Q: A new study has reported that there is an increase in the number of unvaccinated children in public schools across the country. What is this study about?
A: In the New England Journal of Medicine this month, there was a report that compared different states regulations around allowing parents to exempt their children from the requirement to be protected against vaccine-preventable illnesses. In states that had more lenient regulations, for example allowing people to refuse vaccinations based on a personal belief system rather than a religious exemption, there was a higher rate of children without the standard vaccines when they are in elementary school.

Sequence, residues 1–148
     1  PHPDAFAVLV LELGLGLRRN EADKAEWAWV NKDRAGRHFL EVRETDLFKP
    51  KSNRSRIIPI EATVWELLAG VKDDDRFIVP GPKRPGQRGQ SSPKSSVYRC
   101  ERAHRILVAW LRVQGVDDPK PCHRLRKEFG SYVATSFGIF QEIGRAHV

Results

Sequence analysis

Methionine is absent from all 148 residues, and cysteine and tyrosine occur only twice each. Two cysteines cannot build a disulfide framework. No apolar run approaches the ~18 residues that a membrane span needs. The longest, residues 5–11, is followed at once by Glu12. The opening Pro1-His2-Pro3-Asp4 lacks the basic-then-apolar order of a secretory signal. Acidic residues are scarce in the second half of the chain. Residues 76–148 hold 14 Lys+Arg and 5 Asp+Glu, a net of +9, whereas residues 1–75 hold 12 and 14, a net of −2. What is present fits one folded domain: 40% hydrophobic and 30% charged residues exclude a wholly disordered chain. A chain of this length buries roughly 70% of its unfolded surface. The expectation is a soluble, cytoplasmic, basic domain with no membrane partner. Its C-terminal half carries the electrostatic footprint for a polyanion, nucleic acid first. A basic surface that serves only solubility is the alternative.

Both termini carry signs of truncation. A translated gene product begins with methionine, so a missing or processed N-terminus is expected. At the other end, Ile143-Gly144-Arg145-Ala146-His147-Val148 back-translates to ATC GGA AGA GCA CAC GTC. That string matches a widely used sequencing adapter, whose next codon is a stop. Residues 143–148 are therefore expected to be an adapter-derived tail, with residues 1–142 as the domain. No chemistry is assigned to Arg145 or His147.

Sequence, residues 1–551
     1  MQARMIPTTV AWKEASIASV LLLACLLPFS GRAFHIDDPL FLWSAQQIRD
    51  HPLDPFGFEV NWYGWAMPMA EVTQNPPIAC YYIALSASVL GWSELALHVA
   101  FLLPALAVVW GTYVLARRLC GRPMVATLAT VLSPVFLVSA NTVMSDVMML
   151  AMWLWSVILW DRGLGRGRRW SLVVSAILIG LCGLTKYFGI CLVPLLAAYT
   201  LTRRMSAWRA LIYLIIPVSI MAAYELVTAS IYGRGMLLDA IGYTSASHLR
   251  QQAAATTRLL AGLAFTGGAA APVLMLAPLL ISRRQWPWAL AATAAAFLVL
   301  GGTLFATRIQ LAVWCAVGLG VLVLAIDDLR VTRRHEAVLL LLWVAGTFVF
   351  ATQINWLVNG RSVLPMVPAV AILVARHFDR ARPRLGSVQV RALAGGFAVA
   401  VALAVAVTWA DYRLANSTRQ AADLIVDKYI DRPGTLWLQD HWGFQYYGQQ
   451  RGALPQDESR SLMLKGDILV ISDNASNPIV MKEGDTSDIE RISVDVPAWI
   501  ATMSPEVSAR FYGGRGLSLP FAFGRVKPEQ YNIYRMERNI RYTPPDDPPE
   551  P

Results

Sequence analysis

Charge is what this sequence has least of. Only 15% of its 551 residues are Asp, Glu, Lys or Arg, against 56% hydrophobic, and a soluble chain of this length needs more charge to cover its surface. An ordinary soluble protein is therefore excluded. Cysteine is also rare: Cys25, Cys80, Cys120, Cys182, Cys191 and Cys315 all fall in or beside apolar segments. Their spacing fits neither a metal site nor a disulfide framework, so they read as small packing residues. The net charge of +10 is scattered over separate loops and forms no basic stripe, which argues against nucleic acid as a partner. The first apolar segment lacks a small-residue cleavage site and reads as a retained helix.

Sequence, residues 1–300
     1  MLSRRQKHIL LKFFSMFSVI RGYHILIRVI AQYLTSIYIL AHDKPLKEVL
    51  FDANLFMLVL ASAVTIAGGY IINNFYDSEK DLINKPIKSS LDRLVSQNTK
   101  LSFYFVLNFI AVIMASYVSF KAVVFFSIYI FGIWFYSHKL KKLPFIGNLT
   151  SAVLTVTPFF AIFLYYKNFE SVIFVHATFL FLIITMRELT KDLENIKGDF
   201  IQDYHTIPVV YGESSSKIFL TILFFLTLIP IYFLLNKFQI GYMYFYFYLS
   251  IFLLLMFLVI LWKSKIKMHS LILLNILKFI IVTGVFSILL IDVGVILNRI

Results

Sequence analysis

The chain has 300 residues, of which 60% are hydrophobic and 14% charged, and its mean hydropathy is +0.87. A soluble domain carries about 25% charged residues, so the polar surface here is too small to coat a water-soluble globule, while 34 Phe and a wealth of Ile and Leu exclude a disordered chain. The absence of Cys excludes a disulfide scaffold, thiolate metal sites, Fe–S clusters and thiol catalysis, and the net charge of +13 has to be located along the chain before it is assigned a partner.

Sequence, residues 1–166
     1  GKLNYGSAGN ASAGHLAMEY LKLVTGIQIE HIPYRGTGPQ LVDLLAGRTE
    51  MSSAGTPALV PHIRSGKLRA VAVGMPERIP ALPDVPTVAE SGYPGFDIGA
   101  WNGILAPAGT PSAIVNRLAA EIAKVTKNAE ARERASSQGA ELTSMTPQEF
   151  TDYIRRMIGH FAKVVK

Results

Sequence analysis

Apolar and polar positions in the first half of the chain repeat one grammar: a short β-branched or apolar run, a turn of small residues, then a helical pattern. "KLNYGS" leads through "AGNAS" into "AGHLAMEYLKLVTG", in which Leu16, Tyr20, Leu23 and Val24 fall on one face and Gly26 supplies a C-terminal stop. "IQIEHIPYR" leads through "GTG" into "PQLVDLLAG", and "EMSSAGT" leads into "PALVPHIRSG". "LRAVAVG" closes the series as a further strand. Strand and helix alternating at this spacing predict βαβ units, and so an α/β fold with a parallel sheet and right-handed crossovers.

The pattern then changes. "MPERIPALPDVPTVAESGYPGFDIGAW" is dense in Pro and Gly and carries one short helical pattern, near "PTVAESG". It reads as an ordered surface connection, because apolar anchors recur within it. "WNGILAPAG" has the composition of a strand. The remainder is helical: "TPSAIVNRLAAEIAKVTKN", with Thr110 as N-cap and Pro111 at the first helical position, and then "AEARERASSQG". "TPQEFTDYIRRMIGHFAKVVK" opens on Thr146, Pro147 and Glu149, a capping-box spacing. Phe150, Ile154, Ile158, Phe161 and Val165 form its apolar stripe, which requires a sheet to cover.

Q: How many children are we talking about?
A: Fortunately, these are not large numbers, but the percentage of children increased from 1% to 2%. However, there are some communities around the country that have an isolated much higher number of unvaccinated children, based on the culture of that community, enough to risk pockets of infection to spring up. Most of these illnesses are ones that children will recover from, but some diseases that are vaccine-preventable can be fatal, including whooping cough, and a throat condition called epiglottitis where a small child's airway is blocked, caused by haemophilus. Other diseases pose a special risk to pregnant women, such as measles, causing birth defects, or a problem to those with a poor immune system, such as encephalitis from chicken pox.
Q: Where do we go from here?
A: Parents should talk to their pediatrician about what vaccines their children are recommended to receive. Next week I will talk about alternate vaccine schedules, the science behind the recommended vaccine schedule, and why we recommend shots at certain ages.